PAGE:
Home » Search

About database

181-190 of 200Refresh
Tutorial
6

Step 2: Define a JPA Entity Class

To store objects in an ObjectDB database using JPA we need to define an entity class: Open the [New Java Class] dialog box, e.g. by right clicking the project node (in the [Package Explorer] window ... should represent Point objects in the database. Besides the @Entity annotation and the id field
Tutorial
6

Step 2: Define a JPA Entity Class

To store objects in an ObjectDB database using JPA we need to define an entity class: Open the [New Java Class] dialog box, e.g. by right clicking the tutorial package node (in the [Projects] window ... ("(%d, %d)", this.x, this.y); } } The new class should represent Point objects in the database
Tutorial
6

Step 4: Create an ObjectDB Data Set

Queries against the database are represented in BIRT as data sets. To create the data set: Open the [New Data Set] dialog box by right clicking the Data Sets node in the [Data Explorer] window ... Points).  Enter a data set name (e.g. Points by X) and click Next. The database in this tutorial
Tutorial
6

Step 6: Run the Java EE 6 Application

). Since we are using ObjectDB in embedded mode - the database file is created under the GlassFish directory (e.g ... the database file in ObjectDB Explorer: This is the end of the tutorial. Learn more about ObjectDB and JPA by reading the Manual.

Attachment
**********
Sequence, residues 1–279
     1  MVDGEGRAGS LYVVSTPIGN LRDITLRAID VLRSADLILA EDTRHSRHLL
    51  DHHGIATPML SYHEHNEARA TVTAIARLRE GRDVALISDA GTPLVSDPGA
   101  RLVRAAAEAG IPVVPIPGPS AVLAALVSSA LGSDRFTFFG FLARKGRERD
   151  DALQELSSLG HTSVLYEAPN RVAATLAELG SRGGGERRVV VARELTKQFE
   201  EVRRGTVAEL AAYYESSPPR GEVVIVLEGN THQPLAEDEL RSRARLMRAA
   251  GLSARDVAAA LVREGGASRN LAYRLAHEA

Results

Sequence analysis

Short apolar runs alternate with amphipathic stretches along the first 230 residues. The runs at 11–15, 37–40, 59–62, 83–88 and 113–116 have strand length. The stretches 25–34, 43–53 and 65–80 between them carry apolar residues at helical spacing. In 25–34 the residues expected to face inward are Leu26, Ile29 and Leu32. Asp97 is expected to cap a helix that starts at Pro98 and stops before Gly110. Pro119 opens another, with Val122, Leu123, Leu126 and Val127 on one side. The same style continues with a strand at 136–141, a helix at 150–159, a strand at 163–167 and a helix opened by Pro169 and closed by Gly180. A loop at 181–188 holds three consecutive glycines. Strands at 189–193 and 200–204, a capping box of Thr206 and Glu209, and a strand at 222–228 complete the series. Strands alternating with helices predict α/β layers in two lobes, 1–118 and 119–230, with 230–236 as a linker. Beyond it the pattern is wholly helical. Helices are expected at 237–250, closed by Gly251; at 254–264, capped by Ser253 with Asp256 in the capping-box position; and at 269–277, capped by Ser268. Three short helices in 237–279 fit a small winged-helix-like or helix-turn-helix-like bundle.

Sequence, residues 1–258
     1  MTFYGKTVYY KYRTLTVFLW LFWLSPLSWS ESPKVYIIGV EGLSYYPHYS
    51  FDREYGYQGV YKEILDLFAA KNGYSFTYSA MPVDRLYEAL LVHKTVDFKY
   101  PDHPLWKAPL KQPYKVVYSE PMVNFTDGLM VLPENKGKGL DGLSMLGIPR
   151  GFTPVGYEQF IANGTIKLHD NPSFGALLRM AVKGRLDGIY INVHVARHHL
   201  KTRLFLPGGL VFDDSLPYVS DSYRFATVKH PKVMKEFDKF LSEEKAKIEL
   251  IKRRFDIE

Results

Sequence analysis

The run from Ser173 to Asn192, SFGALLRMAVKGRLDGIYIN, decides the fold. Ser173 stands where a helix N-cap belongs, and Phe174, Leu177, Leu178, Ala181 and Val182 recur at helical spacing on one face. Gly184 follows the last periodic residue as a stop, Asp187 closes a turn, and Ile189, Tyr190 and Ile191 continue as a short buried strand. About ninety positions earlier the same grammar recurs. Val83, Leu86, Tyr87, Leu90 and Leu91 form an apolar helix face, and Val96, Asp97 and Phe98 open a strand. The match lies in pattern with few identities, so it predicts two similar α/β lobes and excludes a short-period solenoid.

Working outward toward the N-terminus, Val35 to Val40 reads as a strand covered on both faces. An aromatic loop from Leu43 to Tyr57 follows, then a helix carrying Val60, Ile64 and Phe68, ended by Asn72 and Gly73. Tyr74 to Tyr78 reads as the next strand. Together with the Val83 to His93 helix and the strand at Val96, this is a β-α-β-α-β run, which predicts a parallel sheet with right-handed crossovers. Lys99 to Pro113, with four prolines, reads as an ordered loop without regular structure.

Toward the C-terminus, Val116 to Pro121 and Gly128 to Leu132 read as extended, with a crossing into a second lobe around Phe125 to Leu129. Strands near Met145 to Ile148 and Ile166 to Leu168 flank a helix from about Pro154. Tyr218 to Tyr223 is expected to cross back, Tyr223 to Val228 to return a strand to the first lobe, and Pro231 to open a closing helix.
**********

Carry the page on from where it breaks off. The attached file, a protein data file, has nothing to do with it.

Tutorial
6

Step 6: Run the Java EE 6 Application

- the database file is created under the GlassFish directory (e.g. at domains\domain1\eclipseApps\Guestbook\WEB-INF). You can stop the GlassFish server and open the database file in ObjectDB Explorer
Tutorial
6

Step 6: Run the Web Application

- the database file is created under the Tomcat directory. You can stop the Tomcat server and open the database file in ObjectDB Explorer: This is the end of the tutorial. Learn more about ObjectDB and JPA by reading the Manual.
Tutorial
6

Step 6: Run the Web Application

). Since we are using ObjectDB in embedded mode - the database file is created under the Tomcat directory. You can stop the Tomcat server and open the database file in ObjectDB Explorer: This is the end
Tutorial
6

Step 7: Run the Spring Web App

. Since we are using ObjectDB in embedded mode - the database file is created under the Tomcat directory. You can stop the Tomcat server and open the database file in ObjectDB Explorer: To enable on the fly
Tutorial
6

Step 7: Run the Spring Web App

without specifying a Java agent. Since we are using ObjectDB in embedded mode - the database file is created under the Tomcat directory. You can stop the Tomcat server and open the database file in ObjectDB
Result
6

What is new in ObjectDB 2.0?

configurable database page cache. Designed to support very large database files (terabytes). Reducing round